From Start to Finish: What Goes Into a Study -- Day 360: Rejections, manuscript drafting

This series of posts is documenting the journey of my first first-author project, from the infancy of the research through publishing. I am highlighting the major checkpoints of the project — when things move forward or backward — rather than a daily update because that would seriously be boring. Just about all the content discussed will be directly related to the project I’m working on.

If you haven’t read the previous posts, check these out!
Day 1
Day 2 – 7
Day 27
Day 82
Day 145
Day 193
Day 197
Day 203
Day 216
Day 224
Day 233
Day 235
Day 299

Check out the next day… 436!

Day 360: Internal grant rejection

I've documented my NSF GRFP submission (and subsequent rejection) here before and it won't be too long before I resubmit, but rather than discuss similar topics I would recommend you read some of the stuff I've covered about the NSF GRFP submission experience on this site.

This internal grant through the graduate school was not too different from the NSF GRFP submission process, and in ways it was to work to our advantage. The structure was two pages explaining how the research initiative would expand faculty research areas and interests. I work closely with another PI on campus here, Ron Gillam, who is the director of the fNIRS lab on campus. Our grant was to combine parts of my NSF GRFP proposal with parts of his NIH R21 proposal I helped on. We figured we had a lot going on for us on this grant on top of the proposed research since it includes fancy new neuroimaging equipment, a newly tenured PI (my advisor, Kerry Jordan), an endowed chair (Ron Gillam), interdepartmental research, and interdisciplinary research.

One thing I found out about this internal grant (I'm not sure if it's the same for others on this campus, or if this is generalized for internal mechanisms across all campuses): there is no feedback. Our rejection was basically a consolation form letter saying we were highly competitive and should apply next cycle. The turnaround on this particular grant was <1 month, so that does factor into why there is no feedback. I personally have never been on a review section so I don't really know how fast feedback is typed up, but I could imagine the two or three sentences of feedback I got from my three NSF GRFP reviewers didn't take long to write up. After reading my proposal... maybe minutes?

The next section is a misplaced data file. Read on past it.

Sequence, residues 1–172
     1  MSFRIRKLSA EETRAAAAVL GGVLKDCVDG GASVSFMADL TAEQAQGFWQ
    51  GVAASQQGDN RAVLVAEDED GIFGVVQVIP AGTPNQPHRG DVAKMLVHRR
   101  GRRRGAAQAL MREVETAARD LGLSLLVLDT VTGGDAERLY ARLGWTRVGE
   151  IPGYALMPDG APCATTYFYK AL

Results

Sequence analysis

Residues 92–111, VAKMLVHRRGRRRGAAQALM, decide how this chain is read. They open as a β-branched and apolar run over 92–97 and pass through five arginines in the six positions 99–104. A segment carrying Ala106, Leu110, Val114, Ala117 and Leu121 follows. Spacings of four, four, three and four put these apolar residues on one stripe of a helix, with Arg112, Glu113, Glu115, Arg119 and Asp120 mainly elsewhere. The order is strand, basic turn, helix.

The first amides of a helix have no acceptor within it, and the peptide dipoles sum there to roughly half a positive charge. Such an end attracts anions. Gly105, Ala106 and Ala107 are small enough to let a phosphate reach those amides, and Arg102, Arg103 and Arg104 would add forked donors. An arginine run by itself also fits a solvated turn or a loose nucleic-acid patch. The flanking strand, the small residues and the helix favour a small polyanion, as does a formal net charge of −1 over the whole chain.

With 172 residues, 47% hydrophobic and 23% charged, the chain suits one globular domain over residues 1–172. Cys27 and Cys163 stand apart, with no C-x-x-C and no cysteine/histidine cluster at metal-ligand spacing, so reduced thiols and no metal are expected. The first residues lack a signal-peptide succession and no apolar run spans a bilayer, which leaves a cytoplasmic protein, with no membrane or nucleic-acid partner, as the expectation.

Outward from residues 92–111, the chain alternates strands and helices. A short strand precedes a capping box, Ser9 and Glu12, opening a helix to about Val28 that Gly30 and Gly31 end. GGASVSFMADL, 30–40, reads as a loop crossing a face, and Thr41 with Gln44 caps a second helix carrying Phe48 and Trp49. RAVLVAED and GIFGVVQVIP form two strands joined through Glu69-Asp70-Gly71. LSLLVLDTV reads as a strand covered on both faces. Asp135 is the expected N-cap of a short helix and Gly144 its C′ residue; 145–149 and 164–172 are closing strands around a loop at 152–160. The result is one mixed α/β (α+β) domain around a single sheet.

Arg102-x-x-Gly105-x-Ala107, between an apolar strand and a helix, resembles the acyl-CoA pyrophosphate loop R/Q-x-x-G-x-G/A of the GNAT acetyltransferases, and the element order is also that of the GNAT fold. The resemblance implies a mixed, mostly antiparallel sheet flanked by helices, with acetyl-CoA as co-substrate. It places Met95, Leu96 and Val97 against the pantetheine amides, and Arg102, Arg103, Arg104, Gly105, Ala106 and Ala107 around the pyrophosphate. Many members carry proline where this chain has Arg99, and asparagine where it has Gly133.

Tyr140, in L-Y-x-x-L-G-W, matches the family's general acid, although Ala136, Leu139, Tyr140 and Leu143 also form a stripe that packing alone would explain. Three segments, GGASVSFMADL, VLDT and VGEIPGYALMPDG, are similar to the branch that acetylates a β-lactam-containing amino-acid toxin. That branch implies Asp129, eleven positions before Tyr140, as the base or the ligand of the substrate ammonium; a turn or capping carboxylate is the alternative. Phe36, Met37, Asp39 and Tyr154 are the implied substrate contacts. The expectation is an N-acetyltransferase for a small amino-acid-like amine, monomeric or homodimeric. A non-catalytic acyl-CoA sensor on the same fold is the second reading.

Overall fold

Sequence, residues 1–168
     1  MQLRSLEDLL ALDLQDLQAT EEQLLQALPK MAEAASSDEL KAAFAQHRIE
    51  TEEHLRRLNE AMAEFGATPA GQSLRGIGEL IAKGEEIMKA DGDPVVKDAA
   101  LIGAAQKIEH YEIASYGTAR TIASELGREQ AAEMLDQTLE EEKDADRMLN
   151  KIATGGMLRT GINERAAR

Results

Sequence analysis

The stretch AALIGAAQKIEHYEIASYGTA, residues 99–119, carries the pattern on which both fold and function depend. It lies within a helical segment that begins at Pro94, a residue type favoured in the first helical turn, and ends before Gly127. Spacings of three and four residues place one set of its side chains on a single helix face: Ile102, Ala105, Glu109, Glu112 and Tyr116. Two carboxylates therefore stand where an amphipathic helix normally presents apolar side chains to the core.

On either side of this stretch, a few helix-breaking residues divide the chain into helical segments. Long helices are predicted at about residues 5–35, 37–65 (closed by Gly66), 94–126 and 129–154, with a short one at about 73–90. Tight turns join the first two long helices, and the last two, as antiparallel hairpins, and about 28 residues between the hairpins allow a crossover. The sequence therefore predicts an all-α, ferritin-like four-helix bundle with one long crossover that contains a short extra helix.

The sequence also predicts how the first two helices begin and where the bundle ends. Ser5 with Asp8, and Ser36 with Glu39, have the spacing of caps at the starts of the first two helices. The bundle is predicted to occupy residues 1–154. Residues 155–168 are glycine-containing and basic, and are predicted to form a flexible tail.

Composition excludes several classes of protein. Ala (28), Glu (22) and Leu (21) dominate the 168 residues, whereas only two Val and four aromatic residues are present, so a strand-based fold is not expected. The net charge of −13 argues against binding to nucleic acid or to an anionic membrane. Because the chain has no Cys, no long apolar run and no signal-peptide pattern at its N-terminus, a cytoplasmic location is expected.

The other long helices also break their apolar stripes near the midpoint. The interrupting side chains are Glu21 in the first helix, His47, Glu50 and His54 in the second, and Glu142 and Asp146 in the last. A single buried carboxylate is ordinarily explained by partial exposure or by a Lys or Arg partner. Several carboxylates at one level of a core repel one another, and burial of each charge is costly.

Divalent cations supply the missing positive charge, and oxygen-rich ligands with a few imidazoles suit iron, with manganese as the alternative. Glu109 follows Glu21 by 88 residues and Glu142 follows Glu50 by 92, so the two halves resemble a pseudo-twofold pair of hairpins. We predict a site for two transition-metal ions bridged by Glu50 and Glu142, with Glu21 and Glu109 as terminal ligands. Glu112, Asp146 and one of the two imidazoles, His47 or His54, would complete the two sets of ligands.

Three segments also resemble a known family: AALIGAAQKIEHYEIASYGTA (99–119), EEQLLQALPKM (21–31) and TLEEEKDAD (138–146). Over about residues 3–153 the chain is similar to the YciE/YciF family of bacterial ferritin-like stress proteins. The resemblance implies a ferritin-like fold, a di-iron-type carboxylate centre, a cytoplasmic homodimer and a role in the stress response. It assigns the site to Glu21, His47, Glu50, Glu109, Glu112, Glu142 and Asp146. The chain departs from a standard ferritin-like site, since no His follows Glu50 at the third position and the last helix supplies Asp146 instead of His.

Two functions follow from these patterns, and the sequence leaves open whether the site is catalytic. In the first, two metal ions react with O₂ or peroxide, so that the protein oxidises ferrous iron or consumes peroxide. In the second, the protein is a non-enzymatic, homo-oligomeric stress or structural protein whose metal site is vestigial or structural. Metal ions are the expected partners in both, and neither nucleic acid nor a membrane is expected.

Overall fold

So far, my grants based off of the preliminary data of this study have been 0-for-2.

Manuscript drafting

The RAs who have made it past data collection and analysis are determined to finish out this project with me -- which I am way stoked on. During this summer, we have begun working on the manuscript. I don't have targeted journals (or targeted formats) for this manuscript yet, so I'm trying to write and edit as succinctly as possible just in case we go towards a brief report format. Also, with two undergraduate RAs helping with writing and editing, I think it would be best to throw everything we got at the wall first, then cut/trim from there.

Our tentative schedule is:
Write up methods
Write up introduction
Write up stats (assuming data is completed and analyzed within the next two months)
Write up discussion

My planned submission time for this manuscript is definitely this fall -- preferably submitted by October or November. I would love to have something published by the year's end, but I think that might be cutting it a bit close. Especially with null behavioral findings. I don't think I'll be asked to increase my participant size since we're recording twenty pairs (40 participants), but I suppose there's a lot of things I've heard reviewers ask for.

I think I'll start targeting journals probably after data analysis. Data needs to walk before it can jump into a journal. So hopefully in August/September.

That's it for now. I don't see myself posting in 5 days, so happy birthday to this study! It's been one hell of a year. Can't wait to publish you.

Until next time, y'all.

Check out the next day... Day 436!

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